Mr. Rellim and I loaded him and his big mouth into the car and ran the errand.  Then Quinn was escorted around the neighborhood by his father to make a personal apology to each person he frightened with his rude and disrespectful outburst toward his mother.  I love that man I married.

Saturday, June 13, 2015

Time for a Nap

Need a reality TV show?  You should have followed my mom, Rachel and me the last two days on our St. Louis outing.  Mom napped while sitting up straight a few times and I wondered how she could be sleepy enough to manage such snooze snippets, then I shared a room with her and Rachel for a couple nights.  When the air conditioner wasn't loudly blowing icy air at my head, it was making a "Grrrr-Chunk!" sound to turn on or off.  When Mom started snoring, Rachel would shout, "Grandma!  You're snoring!" - or just whistle loudly in the direction of her bed.  When Mom wasn't snoring, I poked her to make sure she was still breathing.  When Rachel and I were both asleep, Mom would comment loudly about how hot it was, or how cold it was, or how loud the air conditioner was or ponder why she couldn't get to sleep.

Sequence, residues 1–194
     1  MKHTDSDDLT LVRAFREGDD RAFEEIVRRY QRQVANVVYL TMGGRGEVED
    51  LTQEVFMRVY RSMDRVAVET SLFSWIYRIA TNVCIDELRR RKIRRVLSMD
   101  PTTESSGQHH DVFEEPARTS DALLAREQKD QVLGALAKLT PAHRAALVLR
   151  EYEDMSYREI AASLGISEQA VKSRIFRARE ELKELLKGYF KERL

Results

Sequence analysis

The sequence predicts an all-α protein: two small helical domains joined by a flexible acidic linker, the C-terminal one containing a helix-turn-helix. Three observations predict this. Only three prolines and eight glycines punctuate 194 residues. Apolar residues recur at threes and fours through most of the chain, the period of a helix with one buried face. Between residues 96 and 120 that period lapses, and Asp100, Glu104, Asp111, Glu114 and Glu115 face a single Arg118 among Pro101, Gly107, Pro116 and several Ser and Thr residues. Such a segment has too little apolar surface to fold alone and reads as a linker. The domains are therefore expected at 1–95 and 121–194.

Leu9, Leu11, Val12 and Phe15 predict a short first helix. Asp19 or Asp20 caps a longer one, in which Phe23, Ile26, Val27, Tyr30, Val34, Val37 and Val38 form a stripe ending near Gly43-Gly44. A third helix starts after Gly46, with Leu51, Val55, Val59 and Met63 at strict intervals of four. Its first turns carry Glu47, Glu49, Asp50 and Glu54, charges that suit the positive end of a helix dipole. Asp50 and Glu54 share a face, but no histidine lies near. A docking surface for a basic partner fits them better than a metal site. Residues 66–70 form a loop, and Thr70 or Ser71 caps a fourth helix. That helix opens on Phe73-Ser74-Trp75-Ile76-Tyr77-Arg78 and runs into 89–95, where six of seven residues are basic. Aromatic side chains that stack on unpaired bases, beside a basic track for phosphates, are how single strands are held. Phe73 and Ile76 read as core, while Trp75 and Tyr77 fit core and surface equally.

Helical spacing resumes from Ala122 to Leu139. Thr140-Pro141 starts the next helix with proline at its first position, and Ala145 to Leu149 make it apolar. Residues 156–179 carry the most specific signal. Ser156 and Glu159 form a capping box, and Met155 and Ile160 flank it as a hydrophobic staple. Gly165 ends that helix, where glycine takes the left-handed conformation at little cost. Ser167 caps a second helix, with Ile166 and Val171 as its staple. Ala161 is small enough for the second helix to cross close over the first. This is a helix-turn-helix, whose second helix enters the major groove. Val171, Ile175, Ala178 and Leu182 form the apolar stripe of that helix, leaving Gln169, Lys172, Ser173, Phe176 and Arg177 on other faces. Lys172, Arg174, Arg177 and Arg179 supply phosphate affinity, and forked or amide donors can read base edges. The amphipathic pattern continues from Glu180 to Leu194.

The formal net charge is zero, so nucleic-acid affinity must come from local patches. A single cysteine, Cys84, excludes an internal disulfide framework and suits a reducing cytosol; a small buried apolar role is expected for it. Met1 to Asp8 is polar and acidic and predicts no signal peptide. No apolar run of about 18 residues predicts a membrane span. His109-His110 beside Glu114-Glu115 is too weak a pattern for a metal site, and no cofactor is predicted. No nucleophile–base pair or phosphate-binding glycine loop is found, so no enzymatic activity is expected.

When Mom and I tried to watch a movie, Rachel insisted that she needed the TV off to get to sleep.  When we reluctantly turned off the show, Rachel promptly got out of bed, turned on a light and started eating Doritos.  When I turned the TV back on, Mom quickly fell asleep and started snoring, which somehow interfered with Rachel's snacking and texting (now that she had given up on trying to sleep).  When Rachel decided to sit in the hotel hallway in her PJs to get away from such annoying roommates, Mom woke up to the sounds of "drunk underage baseball players coming down the hall*+" and went out in her PJs to convince Rachel to come back in the room.